With regard to the government’s decision to award certain funding only to areas which are considered “superclusters”: (a) which areas applied to be superclusters; (b) which areas were selected by the government to be “superclusters”; (c) how was each area in (b) selected; (d) for each area which applied, but was not selected to be a “supercluster”, why was each area not selected, broken down by individual area; (e) what specific guarantees are in place to ensure that areas outside of “superclusters” receive their fair share of funding, broken down by funding program; and (f) for each guarantee referred to in (e), what is the website location where the text is located?
Response
Hon. Navdeep Bains (Minister of Innovation, Science and Economic Development, Lib.):
Mr. Speaker, with regard to the government’s decision to award certain funding only to areas that are considered “superclusters”, please see the response from Innovation, Science and Economic Development below.
With regard to part (a), the innovation superclusters initiative received more than 50 applications representing all regions of Canada, including British Columbia, the Prairies, Ontario, Quebec, the Atlantic provinces, and the north. Several of the applications involved interprovincial participation. The applications are from highly innovative industries such as clean technology, advanced manufacturing, digital technology, health/biosciences, clean resources, and agrifood, as well as infrastructure and transportation.
With regard to part (b), the application process for the innovation superclusters initiative is ongoing and a final decision has not been made.
With regard to part (c), the selection of applications involves a two-phase application process. In the first phase, business-led consortia, including companies of all sizes, post-secondary institutions, and other innovation partners, were invited to submit letters of intent to outline their ambitious plans to build world-leading superclusters at scale. The first phase closed on 24/07/2017.
In the second phase, selected applicants will be invited to submit a full application. After the selection process concludes, contribution agreements will be negotiated and results will be announced.
Descriptions of the assessment criteria and process, reflecting key elements contributing to program outcomes, are published in the program guide, which can be found at https://www.ic.gc.ca/eic/site/093.nsf/eng/00003.html.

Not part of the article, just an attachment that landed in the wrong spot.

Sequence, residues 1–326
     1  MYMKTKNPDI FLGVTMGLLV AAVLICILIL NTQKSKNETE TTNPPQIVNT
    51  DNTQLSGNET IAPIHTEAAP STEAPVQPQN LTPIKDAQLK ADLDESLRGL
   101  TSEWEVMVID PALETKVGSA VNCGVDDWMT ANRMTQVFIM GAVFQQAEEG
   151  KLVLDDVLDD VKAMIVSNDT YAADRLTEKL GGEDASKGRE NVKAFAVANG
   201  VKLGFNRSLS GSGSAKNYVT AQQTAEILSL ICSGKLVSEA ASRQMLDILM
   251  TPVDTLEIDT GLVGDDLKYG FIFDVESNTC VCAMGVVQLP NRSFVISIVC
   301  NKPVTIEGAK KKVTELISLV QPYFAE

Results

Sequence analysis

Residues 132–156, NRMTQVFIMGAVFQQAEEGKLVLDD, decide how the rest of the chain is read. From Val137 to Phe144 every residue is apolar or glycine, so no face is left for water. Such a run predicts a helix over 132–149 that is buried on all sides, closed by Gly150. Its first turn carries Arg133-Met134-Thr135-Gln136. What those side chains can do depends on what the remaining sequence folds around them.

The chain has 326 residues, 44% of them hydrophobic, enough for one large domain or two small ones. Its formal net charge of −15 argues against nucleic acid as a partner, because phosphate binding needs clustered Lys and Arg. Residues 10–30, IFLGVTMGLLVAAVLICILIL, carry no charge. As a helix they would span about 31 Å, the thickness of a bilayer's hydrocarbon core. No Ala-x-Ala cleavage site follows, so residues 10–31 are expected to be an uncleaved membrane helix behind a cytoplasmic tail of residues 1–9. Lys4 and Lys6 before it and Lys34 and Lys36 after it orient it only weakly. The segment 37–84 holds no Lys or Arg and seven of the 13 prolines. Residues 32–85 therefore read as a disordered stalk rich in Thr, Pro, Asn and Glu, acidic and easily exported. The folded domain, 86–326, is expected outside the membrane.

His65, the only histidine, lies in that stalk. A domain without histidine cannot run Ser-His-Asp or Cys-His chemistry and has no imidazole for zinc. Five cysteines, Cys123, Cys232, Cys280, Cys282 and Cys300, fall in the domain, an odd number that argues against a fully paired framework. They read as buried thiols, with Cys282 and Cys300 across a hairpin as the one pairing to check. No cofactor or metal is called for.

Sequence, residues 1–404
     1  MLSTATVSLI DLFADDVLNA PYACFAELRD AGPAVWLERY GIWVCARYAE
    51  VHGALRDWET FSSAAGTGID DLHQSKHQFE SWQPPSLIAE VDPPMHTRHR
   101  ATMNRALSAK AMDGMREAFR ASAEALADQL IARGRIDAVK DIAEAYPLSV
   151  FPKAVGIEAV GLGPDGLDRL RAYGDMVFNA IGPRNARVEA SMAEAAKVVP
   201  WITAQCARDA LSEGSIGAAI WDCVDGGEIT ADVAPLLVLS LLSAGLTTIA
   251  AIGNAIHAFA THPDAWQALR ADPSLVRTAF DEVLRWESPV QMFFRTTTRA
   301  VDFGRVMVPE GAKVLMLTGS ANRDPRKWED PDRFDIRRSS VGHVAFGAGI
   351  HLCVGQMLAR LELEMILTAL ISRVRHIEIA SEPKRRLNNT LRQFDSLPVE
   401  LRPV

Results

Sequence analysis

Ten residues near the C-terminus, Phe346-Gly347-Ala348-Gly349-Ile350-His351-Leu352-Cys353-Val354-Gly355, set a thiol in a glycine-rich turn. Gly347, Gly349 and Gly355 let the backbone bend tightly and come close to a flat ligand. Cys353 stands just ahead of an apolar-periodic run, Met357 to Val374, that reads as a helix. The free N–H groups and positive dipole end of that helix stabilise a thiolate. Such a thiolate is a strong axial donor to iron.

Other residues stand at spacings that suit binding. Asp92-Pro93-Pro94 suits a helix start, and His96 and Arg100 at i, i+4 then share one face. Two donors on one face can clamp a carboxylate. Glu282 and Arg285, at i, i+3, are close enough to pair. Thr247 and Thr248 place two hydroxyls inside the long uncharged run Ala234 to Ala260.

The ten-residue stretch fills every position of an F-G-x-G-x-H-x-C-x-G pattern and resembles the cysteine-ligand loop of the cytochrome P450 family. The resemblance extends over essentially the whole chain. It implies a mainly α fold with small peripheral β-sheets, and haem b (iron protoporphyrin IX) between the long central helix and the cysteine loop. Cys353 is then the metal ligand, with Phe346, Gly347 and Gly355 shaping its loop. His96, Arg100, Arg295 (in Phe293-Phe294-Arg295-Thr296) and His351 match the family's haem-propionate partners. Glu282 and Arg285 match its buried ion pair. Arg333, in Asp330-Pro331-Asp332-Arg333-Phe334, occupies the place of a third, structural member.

They are used to assess the potential of proposals to generate real economic impact and industrial benefits for Canada, as well as other key elements, such as the importance, relevance, and feasibility of the applicant's proposed plans.
With regard to part (d), the application process is ongoing and a final decision has not been made.
With regard to part (e), the purpose of the innovation superclusters initiative is to accelerate the growth and development of a small number of business-led innovation superclusters in Canada with strong innovation ecosystems that have the potential to be global leaders. The program provides funding to selected applicants with whom a contribution agreement will be signed.
It is expected that the benefits of funded activities will extend beyond the borders of a supercluster, drawing on partners across Canada to achieve a national network effect. Regardless of their location in Canada, organizations outside the supercluster region will be eligible to participate in funded activities.
With regard to part (f), program information can be found on the innovation superclusters initiative website at www.canada.ca/superclusters.

Question No. 1159--
Mr. Dean Allison:
With regard to salaries in the Prime Minister’s Office, as of September 18, 2017: (a) how many employees had a salary higher than the salary of a minister ($255,300); and (b) how many employees had a salary higher than the salary of the Prime Minister ($345,400)?
Response
Mr. Peter Schiefke (Parliamentary Secretary to the Prime Minister (Youth), Lib):